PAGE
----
Funeral Guidelines

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The Catholic Funeral Liturgy consists of three parts: a Wake, Mass of Christian Burial and Burial.
The Wake, which takes place at the funeral home, provides an important opportunity for friends and families to gather and celebrate the life of the deceased, while also enabling family and friends to express their mutual support for each other.
During the Mass of Christian Burial, Christ’s Sacrifice of the Cross is made re-present for the sake of the deceased for the forgiveness of their sins and remission of temporal punishment. In the words of the Catechism: “From the beginning, the Church has honored the memory of the dead and offered prayers in suffrage for them, above all the Eucharistic sacrifice, so that, thus purified, they may attain the beatific vision of God.” (CCC 1032).
The primary purpose of the Catholic Funeral Mass is to offer prayers for the repose of the soul of the deceased and to pray for our own eternal salvation.
The Burial, which should occur immediately following the funeral or shortly afterward, is the opportunity for family and friends to say their final farewell.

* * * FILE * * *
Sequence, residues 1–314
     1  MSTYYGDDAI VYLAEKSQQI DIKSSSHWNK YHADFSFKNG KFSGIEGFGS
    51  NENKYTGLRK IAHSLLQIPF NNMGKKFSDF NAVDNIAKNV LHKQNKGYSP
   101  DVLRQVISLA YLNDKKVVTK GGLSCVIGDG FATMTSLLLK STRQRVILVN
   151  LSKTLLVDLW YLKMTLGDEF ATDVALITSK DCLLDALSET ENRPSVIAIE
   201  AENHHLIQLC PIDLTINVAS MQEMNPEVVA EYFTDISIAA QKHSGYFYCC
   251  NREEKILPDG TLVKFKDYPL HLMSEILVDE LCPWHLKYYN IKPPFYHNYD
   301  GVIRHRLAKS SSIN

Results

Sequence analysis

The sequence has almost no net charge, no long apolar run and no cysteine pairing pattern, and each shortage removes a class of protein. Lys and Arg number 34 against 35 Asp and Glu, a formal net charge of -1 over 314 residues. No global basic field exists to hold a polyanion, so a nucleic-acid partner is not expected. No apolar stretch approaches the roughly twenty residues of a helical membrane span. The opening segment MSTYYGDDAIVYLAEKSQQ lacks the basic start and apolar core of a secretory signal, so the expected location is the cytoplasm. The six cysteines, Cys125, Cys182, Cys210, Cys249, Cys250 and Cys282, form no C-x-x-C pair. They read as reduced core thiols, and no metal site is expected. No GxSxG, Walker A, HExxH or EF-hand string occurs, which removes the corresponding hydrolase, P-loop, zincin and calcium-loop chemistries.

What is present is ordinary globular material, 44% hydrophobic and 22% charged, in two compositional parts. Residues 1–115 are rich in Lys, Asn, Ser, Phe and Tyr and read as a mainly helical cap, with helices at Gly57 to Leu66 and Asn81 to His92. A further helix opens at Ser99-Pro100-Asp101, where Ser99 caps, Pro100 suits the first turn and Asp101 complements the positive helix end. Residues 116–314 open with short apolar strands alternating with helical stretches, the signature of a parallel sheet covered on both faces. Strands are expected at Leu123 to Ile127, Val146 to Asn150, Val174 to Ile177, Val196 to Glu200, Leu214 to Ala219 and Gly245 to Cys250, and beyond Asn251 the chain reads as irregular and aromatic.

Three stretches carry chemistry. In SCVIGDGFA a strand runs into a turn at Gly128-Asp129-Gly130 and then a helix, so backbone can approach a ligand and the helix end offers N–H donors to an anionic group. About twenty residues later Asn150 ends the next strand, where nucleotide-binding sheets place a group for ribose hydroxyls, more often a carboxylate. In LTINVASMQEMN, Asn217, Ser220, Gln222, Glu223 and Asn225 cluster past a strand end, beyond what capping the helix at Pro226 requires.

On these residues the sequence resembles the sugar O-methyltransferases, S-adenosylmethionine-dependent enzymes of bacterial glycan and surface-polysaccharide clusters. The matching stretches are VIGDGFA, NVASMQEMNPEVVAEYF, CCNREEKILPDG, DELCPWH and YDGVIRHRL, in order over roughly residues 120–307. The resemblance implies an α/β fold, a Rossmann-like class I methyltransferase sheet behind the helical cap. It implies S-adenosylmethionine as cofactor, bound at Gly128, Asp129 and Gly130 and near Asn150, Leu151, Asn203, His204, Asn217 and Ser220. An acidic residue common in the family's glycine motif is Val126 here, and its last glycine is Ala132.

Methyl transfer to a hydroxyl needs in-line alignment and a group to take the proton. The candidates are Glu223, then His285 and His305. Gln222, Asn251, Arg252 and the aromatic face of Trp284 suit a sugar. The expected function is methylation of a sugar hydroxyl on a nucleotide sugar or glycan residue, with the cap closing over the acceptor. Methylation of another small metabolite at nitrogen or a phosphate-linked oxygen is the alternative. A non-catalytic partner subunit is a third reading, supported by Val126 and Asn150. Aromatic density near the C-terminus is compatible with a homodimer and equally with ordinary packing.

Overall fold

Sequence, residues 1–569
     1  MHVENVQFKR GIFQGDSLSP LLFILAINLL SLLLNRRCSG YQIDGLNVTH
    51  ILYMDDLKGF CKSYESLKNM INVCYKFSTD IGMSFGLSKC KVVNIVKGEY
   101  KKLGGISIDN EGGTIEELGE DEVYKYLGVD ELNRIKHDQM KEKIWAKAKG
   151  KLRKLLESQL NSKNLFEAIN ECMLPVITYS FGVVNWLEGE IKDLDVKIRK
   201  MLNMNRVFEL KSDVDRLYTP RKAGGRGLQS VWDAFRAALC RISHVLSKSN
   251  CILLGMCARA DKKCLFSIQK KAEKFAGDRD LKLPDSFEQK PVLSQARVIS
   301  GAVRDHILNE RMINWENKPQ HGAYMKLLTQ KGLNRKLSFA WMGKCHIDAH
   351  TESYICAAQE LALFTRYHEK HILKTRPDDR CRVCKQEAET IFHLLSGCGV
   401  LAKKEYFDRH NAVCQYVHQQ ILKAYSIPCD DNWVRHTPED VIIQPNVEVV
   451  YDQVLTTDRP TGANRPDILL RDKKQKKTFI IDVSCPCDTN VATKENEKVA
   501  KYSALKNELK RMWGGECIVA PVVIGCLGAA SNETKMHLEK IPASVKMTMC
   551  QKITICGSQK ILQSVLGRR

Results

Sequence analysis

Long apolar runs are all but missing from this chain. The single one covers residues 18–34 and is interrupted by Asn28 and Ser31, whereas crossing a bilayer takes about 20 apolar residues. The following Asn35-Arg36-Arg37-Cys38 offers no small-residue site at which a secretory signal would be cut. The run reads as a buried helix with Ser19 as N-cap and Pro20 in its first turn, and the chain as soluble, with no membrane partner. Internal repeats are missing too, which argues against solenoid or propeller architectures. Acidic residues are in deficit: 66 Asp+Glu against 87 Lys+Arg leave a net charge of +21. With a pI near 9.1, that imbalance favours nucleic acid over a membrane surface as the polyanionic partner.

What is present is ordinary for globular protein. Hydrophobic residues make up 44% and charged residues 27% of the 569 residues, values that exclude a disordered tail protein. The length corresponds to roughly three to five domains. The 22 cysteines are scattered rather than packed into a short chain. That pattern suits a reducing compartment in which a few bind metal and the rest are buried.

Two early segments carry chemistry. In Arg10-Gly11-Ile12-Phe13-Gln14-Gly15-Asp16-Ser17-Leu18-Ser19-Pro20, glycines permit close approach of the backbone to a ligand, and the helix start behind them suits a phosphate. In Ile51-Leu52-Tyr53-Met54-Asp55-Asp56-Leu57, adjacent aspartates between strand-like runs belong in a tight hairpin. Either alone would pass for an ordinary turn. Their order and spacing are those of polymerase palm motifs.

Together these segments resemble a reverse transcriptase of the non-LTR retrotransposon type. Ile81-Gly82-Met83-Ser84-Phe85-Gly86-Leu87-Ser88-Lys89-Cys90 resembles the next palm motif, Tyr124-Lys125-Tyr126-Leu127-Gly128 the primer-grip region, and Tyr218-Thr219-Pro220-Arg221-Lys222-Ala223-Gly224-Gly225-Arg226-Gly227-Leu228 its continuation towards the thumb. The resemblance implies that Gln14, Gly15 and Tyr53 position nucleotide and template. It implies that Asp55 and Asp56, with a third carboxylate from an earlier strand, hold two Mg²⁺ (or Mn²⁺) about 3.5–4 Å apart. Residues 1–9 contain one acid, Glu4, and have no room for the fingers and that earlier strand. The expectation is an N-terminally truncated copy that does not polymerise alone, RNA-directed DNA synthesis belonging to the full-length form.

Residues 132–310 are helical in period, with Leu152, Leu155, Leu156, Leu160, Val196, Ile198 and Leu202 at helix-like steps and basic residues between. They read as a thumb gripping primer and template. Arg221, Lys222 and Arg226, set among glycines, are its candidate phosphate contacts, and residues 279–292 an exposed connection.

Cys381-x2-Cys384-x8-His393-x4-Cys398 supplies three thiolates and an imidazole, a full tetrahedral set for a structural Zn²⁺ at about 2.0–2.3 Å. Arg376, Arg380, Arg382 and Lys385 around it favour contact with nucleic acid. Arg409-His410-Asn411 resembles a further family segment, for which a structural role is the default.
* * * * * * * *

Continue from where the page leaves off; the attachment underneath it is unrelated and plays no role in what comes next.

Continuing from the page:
Finally, although it is not a formal part of the Catholic Funeral Liturgy, the repast or reception following a funeral is an opportunity for families to once again gather, as they had during the Wake, to support each other and to celebrate the life of the deceased by sharing stories and memories.

The family of the deceased is welcome and encouraged to actively participate in planning the Funeral Rites.
After the death of a loved one, the family’s first contact is a local funeral home. It is the responsibility of the funeral home to contact the parish office to arrange for a funeral liturgy. The parish office, working with the funeral home, will additionally schedule a meeting with the family at the parish office. There is a twofold purpose to this meeting. First, it provides an opportunity for clergy, along with the parish staff, to work with the family in choosing the readings, music, gift bearers, readers etc. and to answer any questions the family may have. Secondly, it enables us to learn more about their loved one, so that the funeral liturgy and homily will be both personal and appropriate to the family and to the deceased.